We asked 100 Downtowners what they would expect to find under the streets of downtown Los Angeles and the top answer in our survey said…
Tunnels made 5000 years ago by a super intelligent race of Lizard People that were so intellectually and technologically advanced they used acidic chemicals to dig 285 tunnels with chamber rooms large enough to fit 1,000 families and hordes of gold?
Most said rats, and those huge roaches that end up crushed along the sidewalk. But when it came to tunnels, most mentioned the Metro, the Old Street Cars and Prohibition.
And although the legend of the Lizard People is a thing according to 1930s geophysicist George Warren Shufelt, his radio-x Machine, and the LA Times, of the many tunnels that lay beneath, few ever mention the hidden catacombs of Downtown LA.
When searching for photos of DTLA tunnels you’re bound to come across old photos of modern era dugouts to hallowed out spaces just large enough to fit barrels of rum. Just as interesting, the preserved photos of LA’s first subway. Imagine several hundred trolley cars, or “RED CARS”, rattling their way through a mile of tunnel before exiting on Hill Street in 1925.
With as many photos as you can find, there are only few photos of the catacombs in existence.
The catacombs aren’t tidy, nor do they offer a comfortable passage. Although there is plenty of air, they’re dark, dry and require the explorer to hunch way down in order to get through. There are no visible damp spaces, wired lights, critters or cuts and crevices upon which critters can hide.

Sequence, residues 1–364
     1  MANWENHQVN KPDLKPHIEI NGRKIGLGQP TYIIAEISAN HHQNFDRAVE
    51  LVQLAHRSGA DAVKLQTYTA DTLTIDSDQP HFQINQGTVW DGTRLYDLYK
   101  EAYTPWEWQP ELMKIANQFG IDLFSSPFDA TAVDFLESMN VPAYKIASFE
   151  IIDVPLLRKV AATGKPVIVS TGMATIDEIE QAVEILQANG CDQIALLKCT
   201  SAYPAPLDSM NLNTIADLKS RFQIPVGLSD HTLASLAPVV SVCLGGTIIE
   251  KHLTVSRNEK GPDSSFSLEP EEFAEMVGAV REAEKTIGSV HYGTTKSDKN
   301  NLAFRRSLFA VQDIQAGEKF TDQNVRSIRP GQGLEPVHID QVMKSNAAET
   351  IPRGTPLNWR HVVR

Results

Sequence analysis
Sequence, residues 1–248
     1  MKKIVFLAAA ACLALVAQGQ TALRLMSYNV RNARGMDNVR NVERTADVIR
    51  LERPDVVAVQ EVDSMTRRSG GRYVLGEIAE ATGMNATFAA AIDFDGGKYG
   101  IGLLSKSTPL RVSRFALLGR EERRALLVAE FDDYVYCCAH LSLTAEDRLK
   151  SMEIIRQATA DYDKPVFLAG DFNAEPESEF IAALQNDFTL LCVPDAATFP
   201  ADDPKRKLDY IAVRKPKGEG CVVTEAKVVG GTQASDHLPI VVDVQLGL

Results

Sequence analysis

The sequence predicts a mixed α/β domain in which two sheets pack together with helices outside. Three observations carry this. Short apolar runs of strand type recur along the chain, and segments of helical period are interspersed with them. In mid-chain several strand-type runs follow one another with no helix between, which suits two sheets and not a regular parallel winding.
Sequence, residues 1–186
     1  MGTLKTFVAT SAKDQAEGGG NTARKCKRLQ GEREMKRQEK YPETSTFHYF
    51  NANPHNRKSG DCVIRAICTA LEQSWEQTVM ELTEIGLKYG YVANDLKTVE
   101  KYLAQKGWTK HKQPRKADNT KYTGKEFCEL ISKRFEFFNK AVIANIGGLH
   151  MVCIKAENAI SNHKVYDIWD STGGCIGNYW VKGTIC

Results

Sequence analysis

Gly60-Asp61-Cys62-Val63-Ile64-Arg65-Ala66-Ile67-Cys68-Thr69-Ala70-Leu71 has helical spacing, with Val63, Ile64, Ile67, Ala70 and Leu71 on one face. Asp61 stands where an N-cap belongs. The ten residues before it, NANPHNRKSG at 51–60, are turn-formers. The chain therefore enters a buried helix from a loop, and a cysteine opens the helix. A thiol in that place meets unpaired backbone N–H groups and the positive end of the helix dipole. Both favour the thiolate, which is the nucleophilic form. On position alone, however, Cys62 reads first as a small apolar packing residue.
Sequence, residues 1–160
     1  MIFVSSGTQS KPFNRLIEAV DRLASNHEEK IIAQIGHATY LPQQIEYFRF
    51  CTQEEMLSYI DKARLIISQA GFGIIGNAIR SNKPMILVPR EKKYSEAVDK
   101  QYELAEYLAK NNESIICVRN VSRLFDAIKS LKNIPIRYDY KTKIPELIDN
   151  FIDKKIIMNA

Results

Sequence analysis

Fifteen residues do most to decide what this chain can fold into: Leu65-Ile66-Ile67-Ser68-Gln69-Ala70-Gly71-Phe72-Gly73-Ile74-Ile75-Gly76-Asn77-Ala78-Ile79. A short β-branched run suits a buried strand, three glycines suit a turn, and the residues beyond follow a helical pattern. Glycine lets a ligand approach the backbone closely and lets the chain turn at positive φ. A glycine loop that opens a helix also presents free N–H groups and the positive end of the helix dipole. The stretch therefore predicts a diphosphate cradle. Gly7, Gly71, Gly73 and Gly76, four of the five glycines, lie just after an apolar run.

The catacombs of Downtown LA are man made are pretty much square shape and form, spanning 4 to 6 feet high and wide, and can only be found beneath the basements Downtown’s most of historic buildings.
The catacombs were meant to be used as escape routes and modeled after the palace catacombs of Europe, which were common for centuries before the founding of Los Angeles in 1781. Flash forward to America in the early 1900s to find architects of yesteryear influenced by the old world bent on establishing the new.
Catacombs combined with 11 miles of Speakeasy Tunnels would pretty much allow underground passage from historic building to the next. There is well known Speakeasy tunnel long sealed off in the basement of the King Eddy and historians have logged an entire bar that dates back to prohibition beneath the intersection of 5th and Main Streets.
Could these catacombs still be in use to this day?
Ledger states most of the tunnels are sealed off. Metro and the old subway can only be accessed by special permission, while the Speakeasy Tunnels are supposibly hidden behind layers of mortar.
Secrets kept for more than a century will not easily slip through the lips of those who know.
Before exhausting his efforts, losing his credibility, becoming the laughingstock of the town and silenced trying to reveal the lost Lizard Tunnels, Shufelt’s radio-x Machine was able to draw a map and pin point the underground tunnels and chambers of hidden gold. Seemed the Lizard People had carved their tunnels in the shape of a lizard, supposidly the tail end of the tunnels are located under the LA Library.
But, the LA Library doesn’t look at all like it would hold any secrets, does it? No.